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Clemson NUTR 2160 - INTERVENTION STUDIES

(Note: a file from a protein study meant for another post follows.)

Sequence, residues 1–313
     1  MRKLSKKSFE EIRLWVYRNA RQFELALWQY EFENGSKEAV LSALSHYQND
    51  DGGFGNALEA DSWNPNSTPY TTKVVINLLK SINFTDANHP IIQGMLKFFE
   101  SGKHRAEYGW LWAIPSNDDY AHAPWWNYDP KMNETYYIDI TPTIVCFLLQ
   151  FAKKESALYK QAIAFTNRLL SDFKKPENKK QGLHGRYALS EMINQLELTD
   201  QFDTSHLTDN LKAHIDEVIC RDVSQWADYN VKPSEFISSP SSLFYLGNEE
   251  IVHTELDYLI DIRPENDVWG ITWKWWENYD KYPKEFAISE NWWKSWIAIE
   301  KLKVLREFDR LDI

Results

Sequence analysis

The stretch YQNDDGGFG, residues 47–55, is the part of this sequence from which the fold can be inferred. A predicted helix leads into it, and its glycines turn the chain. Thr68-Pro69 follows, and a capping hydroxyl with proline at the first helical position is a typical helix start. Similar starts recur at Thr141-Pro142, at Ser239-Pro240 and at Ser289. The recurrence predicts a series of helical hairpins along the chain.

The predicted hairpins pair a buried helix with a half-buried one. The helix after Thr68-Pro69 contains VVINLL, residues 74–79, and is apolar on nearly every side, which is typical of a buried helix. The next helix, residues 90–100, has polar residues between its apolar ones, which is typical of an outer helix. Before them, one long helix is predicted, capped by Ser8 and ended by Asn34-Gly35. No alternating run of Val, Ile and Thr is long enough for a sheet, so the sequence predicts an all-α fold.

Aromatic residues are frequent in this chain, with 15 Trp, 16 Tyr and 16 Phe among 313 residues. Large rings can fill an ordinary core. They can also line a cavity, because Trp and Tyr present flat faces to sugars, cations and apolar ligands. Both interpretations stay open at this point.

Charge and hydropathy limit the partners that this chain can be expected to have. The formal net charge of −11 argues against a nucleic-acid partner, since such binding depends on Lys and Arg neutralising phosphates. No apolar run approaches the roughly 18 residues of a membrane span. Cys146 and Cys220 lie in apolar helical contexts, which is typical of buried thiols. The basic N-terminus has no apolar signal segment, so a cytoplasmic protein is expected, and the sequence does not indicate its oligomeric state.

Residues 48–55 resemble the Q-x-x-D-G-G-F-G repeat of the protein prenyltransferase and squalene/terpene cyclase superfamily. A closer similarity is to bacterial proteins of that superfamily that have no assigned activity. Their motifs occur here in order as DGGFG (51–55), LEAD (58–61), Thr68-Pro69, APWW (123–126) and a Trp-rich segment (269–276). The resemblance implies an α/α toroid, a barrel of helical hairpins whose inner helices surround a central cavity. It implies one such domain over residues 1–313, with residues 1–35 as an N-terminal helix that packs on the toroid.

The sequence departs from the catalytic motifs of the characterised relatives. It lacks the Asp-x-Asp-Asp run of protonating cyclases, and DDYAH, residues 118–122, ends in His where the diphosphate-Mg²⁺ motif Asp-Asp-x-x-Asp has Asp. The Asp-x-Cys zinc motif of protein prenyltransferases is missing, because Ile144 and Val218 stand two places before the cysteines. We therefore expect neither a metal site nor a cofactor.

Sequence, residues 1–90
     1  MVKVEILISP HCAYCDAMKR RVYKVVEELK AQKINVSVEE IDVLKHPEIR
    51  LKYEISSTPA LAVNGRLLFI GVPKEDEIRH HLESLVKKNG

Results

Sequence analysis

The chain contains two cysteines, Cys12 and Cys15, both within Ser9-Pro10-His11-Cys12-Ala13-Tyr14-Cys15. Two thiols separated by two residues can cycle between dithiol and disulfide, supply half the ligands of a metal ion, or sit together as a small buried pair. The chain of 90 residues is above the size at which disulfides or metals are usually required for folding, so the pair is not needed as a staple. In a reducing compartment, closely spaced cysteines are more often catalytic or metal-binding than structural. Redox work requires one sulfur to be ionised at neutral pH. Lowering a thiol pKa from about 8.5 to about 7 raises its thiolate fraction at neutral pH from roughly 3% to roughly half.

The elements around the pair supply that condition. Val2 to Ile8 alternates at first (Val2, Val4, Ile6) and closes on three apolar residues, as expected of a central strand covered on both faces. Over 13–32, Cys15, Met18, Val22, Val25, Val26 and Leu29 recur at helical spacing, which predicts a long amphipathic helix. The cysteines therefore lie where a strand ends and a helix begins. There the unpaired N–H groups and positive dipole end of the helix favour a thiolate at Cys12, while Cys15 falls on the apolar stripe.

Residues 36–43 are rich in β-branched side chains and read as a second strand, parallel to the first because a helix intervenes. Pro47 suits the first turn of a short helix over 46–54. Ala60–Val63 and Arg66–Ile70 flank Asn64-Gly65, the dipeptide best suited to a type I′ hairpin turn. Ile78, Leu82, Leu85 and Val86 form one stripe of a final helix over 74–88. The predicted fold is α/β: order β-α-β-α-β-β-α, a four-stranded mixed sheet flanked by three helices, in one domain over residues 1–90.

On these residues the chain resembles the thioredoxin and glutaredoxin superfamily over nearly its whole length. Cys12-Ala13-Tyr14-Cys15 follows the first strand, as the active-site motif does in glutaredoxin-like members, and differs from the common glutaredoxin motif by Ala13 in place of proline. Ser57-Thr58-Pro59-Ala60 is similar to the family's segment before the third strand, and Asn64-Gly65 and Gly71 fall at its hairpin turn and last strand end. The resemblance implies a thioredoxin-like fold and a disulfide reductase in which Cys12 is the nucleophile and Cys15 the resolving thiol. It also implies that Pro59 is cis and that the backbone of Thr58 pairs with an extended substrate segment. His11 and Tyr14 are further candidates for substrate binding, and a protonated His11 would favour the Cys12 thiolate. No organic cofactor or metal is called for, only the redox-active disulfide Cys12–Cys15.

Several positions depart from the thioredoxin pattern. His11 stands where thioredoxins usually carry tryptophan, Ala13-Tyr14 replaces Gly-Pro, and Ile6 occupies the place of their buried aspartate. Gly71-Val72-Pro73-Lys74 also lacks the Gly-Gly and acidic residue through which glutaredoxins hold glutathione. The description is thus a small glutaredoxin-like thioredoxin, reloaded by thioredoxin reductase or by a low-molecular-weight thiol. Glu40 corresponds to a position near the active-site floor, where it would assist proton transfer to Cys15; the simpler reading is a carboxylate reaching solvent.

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INTERVENTION STUDIESINTERVENTIONS – set of activities aimed to bring about change or produce identifiable outcomes. Include: policy, regulatory initiatives, single strategy projects, or multi-component programs.★ INTERVENTION STUDY – ranges from: • Short-term study – immediate effect of intervention measured over minutes to hours or • Long-term study – effect of an intervention over a long period of time TYPES OF INTERVENTION STUDIES ★ • Pilot Study (or Feasibility/Exploratory Study) Implemented on a small scale to: – Assess how realistic it would be to conduct a full-scale study. – Test recruitment procedures in a defined population. – Develop and test research instruments. – Develop and test novel intervention. – Identify logistical challenges in implementing a full-scale study. – Convince funding bodies that such a study is worth funding. – Provide data on distribution/variability and inform power calculations.★ • Randomized controlled trials (RCT) – participants randomized to study groups to increase confidence that changes observed during the study are directly caused by the intervention. ❏ Without a control group, cannot make cause-and-effect statements. – Parallel – each participant receives only one of the interventions. – Cross-over – participants are in 2 groups that receive interventions in a different order. – Factorial Design – all possible combinations of two or more interventions – Cluster Randomized Design – a cluster of individuals are randomized★ • Quasi-experimental studies -- often used in public health but theinternal validity is compromised. – Before-and-after study without a control group – Before-and-after study with a non-equivalent groups design★ Population-based fortification studies – implemented as part of public health policy to correct dietary deficienciesCONSIDERATIONS WHEN PLANNING INTERVENTION STUDIES (look at page)POPULATION-BASED STUDIESEXAMPLES OF POPULATION-BASED METHODOLOGIES:★ Ecological Studies – characterize the diet or nutritional status of a population rather than link individual exposure to health outcomes. ❏ Limitations – individual measures do not represent a group. ❏ Two measures needed: ❖ Dietary intake (exposure of interest) - National food supply (USDA/FAO) – picture of thepattern of a country’s food supply at one point in time. - Household budget surveys – food availability at a household level - Individual survey data – information about individuals.❖ Disease (health outcome) - Routine measures of mortality and morbidity ★ Cross-sectional Studies (sometimes called Prevalence Studies) – observational study that characterizes the theoretical population at one point in time. The prevalence is the rate of a disease in the population at a particular point in time. ❏ Limitations -- exposure and disease measured at same time so cannot conclude which is cause and which is effect. ★ Case-control Studies – people with a disease (cases) compared to people without the disease (controls). Both groups (cases and controls) have past exposure to the dietary factor(s) of interest and compared to estimate therisk of disease associated with the risk factor. ❏ Limitations – dietary measurement error bc of recall bias and need large sample size.★ Prospective Longitudinal Study (Follow-up or Cohort Study) – individuals are followed up over a period of timewhere disease or health outcomes are identified. Subjectsshould be free of the disease being investigated at the start of the study. ❏ Advantages – recall bias prevented, decreased selection bias, can be used to study a wide range of disease and health outcomes, time relationship between exposure and disease can be determined in longitudinal studies. ❏ Disadvantages – time-consuming, expensive, and high rates of attrition.★ NATIONAL NUTRITION MONITORING AND RELATED RESEARCH PROGRAM (NNMRRP) – interconnected federal and state activities aimed to study the relationship between food and health through data collection: • Nutrition and health • Food and nutrient consumptions • Knowledge, attitudes and behavior • Food composition and databases • Food supply★ NUTRITION MONITORING – an ongoing description of nutrition conditions in the population, with particular attention to subgroups to plan, analyze, and predict future trends.★ ACASI – audio computer assisted self interview AMPM-- automated multiple-pass method; CAPI – computer assisted personal interview; MEC – mobile examination component★ LIMITATIONS • Sampling Bias – under or over-represent population groups because of how sample was selected • Non-Sampling Bias – systematic errors related tononresponse, measurement, or data processing • Design Effects • Participation Data – a self-selected population so are not representative of the community • Quality of Data – calibrated equipment, periodic training of staff, and quality control and assurance programs needed.★ OTHER SURVEYS: Food Security – U.S. Household Food Security Survey Module – measures household food insecurity. ❏ Current Population Survey Food Security Supplements – food sufficiency, use of food programs ❏ National Household Food Acquisition and Purchase Survey -- to collect unique and comprehensive data about householdfood purchases and acquisitions. Diet Quality – ❏ Healthy Eating Index (HEI) -- USDA usesthe HEI to monitor the diet quality of the U.S. population and the low-income subpopulation. ❏ Dietary Quality Indexes -- based on 10 dietary recommendations ❏ Risk Factor Surveillance ❏ – Behavioral Risk Factor Surveillance System (BRFSS) – data collected about U.S. residents regarding their health-related risk behaviors❏ Pediatric Nutrition Surveillance System (PedNSS) -- data collected to determine the prevalence and trends of nutrition-related indicators for low-income children in federally-funded programs.❏ National Health Interview Survey (NHIS) -- provide nationally representative estimates on a wide range of health status ❏ The Community Nutrition Mapping Project (CNMap) -- combines food and nutrition indicators. CNMap was created to provide a snapshot of these indicators at the state and national level. CNMap is divided into five major categories: nutrient intakes, healthy eating patterns,physical activity and body weight indicators,